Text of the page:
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Jonas Scholars study mental health of nurses and patients

Jonas Scholars study mental health of nurses and patients

Christian Paige Owen and Miguel De La Mora
Christian Paige Owen, MSN, RN, CEN
Christian Paige Owen, MSN, RN, CEN
Miguel De La Mora, BSN, RN
Miguel De La Mora, BSN, RN

June 16, 2021 – Two doctoral students at Cizik School of Nursing at The University of Texas Health Science Center at Houston have been awarded prestigious Jonas Philanthropies grants, and both will use their awards to study aspects of mental health.

PhD student and clinical instructor Christian Paige Owen, MSN, RN, CEN, and Doctor of Nursing Practice (DNP) student Miguel De La Mora, BSN, RN, are among 75 Jonas Scholars selected from 49 universities nationwide for the 2021-2023 cohort.

Jonas Philanthropies is a leading national philanthropic funder of graduate nursing education. The Jonas Scholars at Cizik School of Nursing are made possible by a grant from Jonas Nursing and Veterans Healthcare. Each $15,000 grant each will be matched by Cizik School of Nursing.

“Each year, we grow more in awe of all our Jonas Scholars have achieved. It is with great honor that we welcome and celebrate this new cohort of nurse leaders,” said Donald Jonas, who co-founded Jonas Philanthropies with his late wife Barbara Jonas. “With more than 1,400 Jonas Scholars to date who are committed to meeting the greatest health needs of our time, we look forward to continuing our work with our partner nursing schools and expanding our impact to advance care for the country’s most vulnerable populations.”

Both Cizik School of Nursing recipients received their awards in the foundation’s psych-mental health focus area, with Owen researching stressors for emergency department nurses and De La Mora seeking to improve awareness and reduce the stigma of mental health care among Hispanic populations.

The stress of emergency nursing

With a background as an emergency nurse and a sexual assault nurse examiner, Owen has seen how caring for traumatized patients affects nurses.

“Trauma takes its toll on the nurse both emotionally and physically,” said Owen, whose dissertation will focus on factors associated with occupational stress among emergency nurses.

Owen is excited to work with associate professor Maja Djukic, PhD, RN, FAAN, as her advisor for the Jonas scholarship and for her PhD. Djukic has pioneered national research of new graduate nurses to identify key gaps in quality and safety competencies essential for high-value patient care.

Emergency nurses are chronically exposed to trauma as part of their commitment to patient care. “We know this can result in negative effects on their mental and physical well-being, job satisfaction, and ability to recognize patient decline,” Owen said. “By understanding how secondary trauma impacts emergency nurses as well as the occupational factors that contribute to traumatic stress, we can better understand the mental health needs of emergency nurses as well as changes needed within the work environment to promote well-being and career longevity.”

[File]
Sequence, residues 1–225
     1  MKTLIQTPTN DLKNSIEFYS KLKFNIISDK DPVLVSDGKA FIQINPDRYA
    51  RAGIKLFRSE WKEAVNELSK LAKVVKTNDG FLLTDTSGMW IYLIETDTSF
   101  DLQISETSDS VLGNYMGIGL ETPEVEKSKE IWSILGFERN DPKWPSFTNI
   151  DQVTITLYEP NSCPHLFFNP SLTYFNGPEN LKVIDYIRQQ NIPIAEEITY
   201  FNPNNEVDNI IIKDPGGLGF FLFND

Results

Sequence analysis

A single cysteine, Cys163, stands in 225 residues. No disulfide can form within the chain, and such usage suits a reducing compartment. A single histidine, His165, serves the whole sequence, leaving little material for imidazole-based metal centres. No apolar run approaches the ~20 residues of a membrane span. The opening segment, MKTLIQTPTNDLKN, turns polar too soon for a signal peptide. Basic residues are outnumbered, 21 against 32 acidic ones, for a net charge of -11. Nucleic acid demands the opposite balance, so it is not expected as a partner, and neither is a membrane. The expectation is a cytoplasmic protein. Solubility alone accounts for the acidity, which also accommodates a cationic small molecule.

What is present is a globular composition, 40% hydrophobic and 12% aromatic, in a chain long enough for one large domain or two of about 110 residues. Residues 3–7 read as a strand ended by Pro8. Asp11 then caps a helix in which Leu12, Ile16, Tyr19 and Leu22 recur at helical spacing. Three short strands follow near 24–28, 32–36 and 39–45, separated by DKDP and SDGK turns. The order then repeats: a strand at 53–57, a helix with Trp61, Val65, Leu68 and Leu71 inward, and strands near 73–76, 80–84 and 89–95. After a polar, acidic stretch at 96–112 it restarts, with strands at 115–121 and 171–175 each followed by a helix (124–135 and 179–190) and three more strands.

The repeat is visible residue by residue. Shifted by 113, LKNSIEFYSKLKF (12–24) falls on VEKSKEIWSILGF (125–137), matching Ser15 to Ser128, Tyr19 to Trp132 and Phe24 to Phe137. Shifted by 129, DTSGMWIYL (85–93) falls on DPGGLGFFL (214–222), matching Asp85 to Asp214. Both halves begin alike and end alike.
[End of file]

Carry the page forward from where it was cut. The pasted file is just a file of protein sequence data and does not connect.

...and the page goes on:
Owen considers this work especially important due to impact of COVID-19 on health care providers and the expected shortage of nurses in the near future. “My hope as a nurse educator is that these findings can then shape our approach to integrating trauma-informed care into undergraduate nursing education,” Owen said. “We need to realize that taking care of the emergency nurse is every bit as important as taking care of trauma patients.”

Owen calls herself a “home grown” nurse scientist and educator, having earned both undergraduate and graduate degrees from Cizik School of Nursing. She received her BSN in 2007 and MSN in Leadership and Administration in 2019.

Teaming up for Hispanic mental health

Psych-mental health nursing is a family affair for De La Mora. He and his wife, Andrea Ancer Leal, BSN, RN, LMSW, are both seeking their DNPs to become psych-mental health nurse practitioners with the goal of someday establishing a practice together.

The pair met when he was working as a manager in a bank and she was a social worker at a Houston-area hospital while seeking her PhD at UTHealth School of Public Health. They both decided to change career paths and graduated together from Cizik School of Nursing’s Pacesetter BSN program in 2019. Both expect receive their DNPs in 2023, and Ancer Leal is working with Associate Professor Jennifer Beauchamp, PhD, RN, on the RAPIDO© Spanish stroke awareness acronym project.

Since graduation, De La Mora has been working as a nurse on a medical/surgical unit, and he agrees with Owen that many patients hospitalized for physical issues have underlying mental health conditions.

“About 55 percent of our patient population is Hispanic, and a lot of times they come in with medical issues that are related to unfortunate psycho-social situations,” he said. “We’re treating the medical issue, but it’s really a psychological issue that got them into this situation.”

De La Mora is developing a DNP leadership project that focuses on the Hispanic community that not only raises awareness but helps changing attitudes toward mental health.

“It is common to deny depression and anxiety,” De La Mora said. “We need to help the community know and accept that mental health is real.”

His advisor is Kelly Kearney, DNP, RN, PMHNP-BC, assistant professor and track coordinator of Cizik School of Nursing’s psychiatric nurse practitioner program.

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